Kurt Wimmer’s CHILDREN OF THE CORN Film Offers A Few Exciting New Additions To The Franchise, But Gets Lost In The Crops

By Chris Hammond

Elena Kampouris, Kate Moyer, Sebastian Alanis Alvarez
Directed and Written by Kurt Wimmer
RLJE Films

Stephen King’s short story “Children of the Corn” is a story that many directors have told since its release in 1977. Kurt Wimmer’s film predates the original story and acts as a prequel reboot leading up to the events that take place in King’s version. This film also marks the twelfth entry into the Children of the Corn franchise (including the 1983 short film Disciples of the Crow).

A cornfield that is slowly dying in small town Nebraska possesses twelve-year-old Eden Edwards (Kate Moyer). She recruits all the other children and goes on a bloody rampage, killing corrupt adults (whose lack of responsibility has ruined the cornfield and made its corn unsellable) and any opposition to her rules. An intelligent high schooler, Boleyn Williams (Elena Kampouris) who won’t go along with the plan, is the town’s only hope of survival. Williams is unaware of the supernatural forces known as “He who Walks Behind the Rows” that are aiding Eden in her rule of the small town.

The film takes most of what is in King’s version of the story and throws it out the window to give the franchise a fresh new feel. This, in theory, is a good idea, but only if the story itself is engaging enough to draw audiences in.

Kurt Wimmer is best known for his action films, which include Salt, Equilibrium and Law Abiding Citizen. He’s also no stranger to tackling re-images, writing the screenplays for Point Break (2015) and Total Recall (2012).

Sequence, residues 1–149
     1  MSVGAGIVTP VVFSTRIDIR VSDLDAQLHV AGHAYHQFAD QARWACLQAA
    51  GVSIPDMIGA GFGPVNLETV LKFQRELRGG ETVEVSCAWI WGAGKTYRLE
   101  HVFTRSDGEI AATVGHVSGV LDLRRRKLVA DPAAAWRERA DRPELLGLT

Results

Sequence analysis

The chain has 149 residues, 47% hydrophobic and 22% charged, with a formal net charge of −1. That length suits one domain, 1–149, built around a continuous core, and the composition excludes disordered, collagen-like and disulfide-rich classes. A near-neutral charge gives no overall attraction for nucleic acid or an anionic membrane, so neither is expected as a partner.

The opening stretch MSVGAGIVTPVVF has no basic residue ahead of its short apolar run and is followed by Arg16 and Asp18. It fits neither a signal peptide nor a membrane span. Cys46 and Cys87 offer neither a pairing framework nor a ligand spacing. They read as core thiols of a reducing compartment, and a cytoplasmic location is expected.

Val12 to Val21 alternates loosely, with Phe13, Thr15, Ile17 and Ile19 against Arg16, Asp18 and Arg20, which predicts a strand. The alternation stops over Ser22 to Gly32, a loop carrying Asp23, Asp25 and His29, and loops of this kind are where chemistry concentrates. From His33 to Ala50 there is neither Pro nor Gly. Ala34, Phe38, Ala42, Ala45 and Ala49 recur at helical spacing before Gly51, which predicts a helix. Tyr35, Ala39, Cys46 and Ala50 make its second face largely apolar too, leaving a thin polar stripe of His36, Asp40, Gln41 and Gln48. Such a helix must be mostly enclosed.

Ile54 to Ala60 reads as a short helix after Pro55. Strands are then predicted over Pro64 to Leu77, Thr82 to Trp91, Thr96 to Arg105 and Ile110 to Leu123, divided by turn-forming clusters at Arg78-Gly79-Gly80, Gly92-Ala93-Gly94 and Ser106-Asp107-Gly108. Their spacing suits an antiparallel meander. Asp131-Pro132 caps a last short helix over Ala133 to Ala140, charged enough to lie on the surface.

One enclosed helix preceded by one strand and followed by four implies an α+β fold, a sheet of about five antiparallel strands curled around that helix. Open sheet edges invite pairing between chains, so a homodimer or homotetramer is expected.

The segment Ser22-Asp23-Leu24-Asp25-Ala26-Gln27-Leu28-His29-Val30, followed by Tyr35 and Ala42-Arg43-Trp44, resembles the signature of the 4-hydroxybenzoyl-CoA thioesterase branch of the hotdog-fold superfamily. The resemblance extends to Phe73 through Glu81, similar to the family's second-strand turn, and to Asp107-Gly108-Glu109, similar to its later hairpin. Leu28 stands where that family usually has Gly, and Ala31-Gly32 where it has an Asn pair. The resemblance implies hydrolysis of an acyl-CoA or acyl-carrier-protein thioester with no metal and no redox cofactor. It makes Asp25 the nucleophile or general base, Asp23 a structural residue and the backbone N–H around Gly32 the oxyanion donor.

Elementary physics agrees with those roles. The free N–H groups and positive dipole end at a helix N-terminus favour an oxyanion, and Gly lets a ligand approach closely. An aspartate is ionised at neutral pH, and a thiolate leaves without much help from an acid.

Wimmer’s Children of the Corn has a few surprises to it, the biggest being the corn creature that is known as “He who walks Behind the Rows”. This “alien like creature” is solely created out of corn and husks, is a great addition to the mystique of the cornfield, although the CGI on it is very lacking.

There is some decent acting in the film by stars Elena Kampouris and Kate Moyer. The story is driven by their polar opposite views on how to save the small town. On screen, both shine brightly and help to engage the audience, especially in the third act of the film.

Sadly, Children of the Corn is very generic in its execution. The story is interesting, but what we see on the screen is something audiences have seen many times before. I recommend the film as it isn’t terrible at all, it just doesn’t stand out like it should.

RLJE Films will release the horror film CHILDREN OF THE CORN in Theaters on March 3, 2023 and On Demand and Digital March 21, 2023.

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